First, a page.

An investigation into a murder at a casino in Svay Rieng province took a bizarre turn this week when authorities determined that one of the suspects in the case was actually a wealthy Vietnamese woman who had herself been held hostage at the casino for nearly three weeks, police and court officials said on Thursday.
The investigation began Sunday night when police in the border town found Ngueng Yang Yoeng, 42, dead in his hotel room at the New World Casino & Hotel, his back covered in bruises. Officers quickly apprehended four Vietnamese nationals staying in the room next door on suspicion of bludgeoning the man to death.
The victim was identified on Monday by Vietnamese police, who had to dig up the body to do so, as it had been buried by Cambodian police when it began to smell. The suspects were interrogated at the provincial police headquarters the next day.
However, Kim Lay, chief of the provincial force’s serious crimes bureau, said on Thursday that one of the suspects had been identified as a second victim in the case.
Mr. Lay said that when the four suspects were questioned at the Svay Rieng Provincial Court on Wednesday, the woman explained, through a translator, that she had been held hostage in the hotel room after being lured by the other three from her home in Vietnam’s Tay Ninh province to gamble at the New World Casino, only to wager away her savings and fall into debt.
“Ngueng Thi Tienga, the 33-year-old female victim, complained that the three Vietnamese people, including two women, illegally detained her for nearly 20 days while they extorted money” from her family in Vietnam, Mr. Lay said.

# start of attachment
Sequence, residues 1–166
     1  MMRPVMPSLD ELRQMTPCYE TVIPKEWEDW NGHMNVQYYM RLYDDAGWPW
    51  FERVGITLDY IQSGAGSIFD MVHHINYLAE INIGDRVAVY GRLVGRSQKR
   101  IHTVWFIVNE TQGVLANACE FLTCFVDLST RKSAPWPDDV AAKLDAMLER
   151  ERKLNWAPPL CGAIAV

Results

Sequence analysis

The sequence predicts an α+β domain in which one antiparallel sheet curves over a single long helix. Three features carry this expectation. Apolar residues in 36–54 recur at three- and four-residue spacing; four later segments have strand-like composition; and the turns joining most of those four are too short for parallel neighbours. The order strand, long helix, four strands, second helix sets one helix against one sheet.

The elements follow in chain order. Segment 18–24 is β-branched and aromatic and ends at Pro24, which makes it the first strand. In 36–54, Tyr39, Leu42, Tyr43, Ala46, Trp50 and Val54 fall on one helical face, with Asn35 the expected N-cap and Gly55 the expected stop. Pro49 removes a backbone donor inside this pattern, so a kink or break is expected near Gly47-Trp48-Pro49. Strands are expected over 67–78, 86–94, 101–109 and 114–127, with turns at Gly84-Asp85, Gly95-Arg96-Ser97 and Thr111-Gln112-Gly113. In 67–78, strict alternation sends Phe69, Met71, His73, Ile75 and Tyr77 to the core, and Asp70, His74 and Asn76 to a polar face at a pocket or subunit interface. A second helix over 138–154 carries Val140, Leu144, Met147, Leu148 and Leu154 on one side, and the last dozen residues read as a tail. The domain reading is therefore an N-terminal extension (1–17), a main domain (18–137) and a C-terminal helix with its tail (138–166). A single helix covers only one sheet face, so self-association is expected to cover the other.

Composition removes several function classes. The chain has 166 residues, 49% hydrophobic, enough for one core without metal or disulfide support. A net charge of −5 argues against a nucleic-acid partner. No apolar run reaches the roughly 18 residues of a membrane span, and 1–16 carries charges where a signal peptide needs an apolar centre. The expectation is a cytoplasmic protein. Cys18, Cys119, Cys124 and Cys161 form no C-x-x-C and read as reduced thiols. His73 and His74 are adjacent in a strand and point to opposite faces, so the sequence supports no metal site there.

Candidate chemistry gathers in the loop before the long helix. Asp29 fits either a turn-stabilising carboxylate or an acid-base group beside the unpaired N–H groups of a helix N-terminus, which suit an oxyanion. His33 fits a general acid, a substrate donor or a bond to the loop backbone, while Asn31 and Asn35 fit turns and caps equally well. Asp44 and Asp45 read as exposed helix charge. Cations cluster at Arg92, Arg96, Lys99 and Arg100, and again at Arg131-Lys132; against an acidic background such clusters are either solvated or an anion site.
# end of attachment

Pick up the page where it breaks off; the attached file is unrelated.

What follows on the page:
Following a second round of questioning on Thursday, the woman was released, while the other three were charged with unlawful confinement and sent to prison to await trial, the bureau chief said. All three are still being investigated over the death of Ngueng Yang Yoeng, but authorities now believed the murder was carried out by a hired hitman, he said, identifying the male suspect as Vin Yang Binh, 27, and the women as Traing Thinhi, 30, and Ngueng Thihiev, 20.
Kong Chankhemarith, chief prosecutor at the provincial court, confirmed the charges against the three, and the release of Ngueng Thi Tienga.
Mr. Chankhemarith also lamented the difficulty of using a translator to interrogate the Vietnamese suspects, explaining that he had perfected the art of obtaining confessions from Khmer speakers.
“We could not use our usual tactics of questioning them,” he said.
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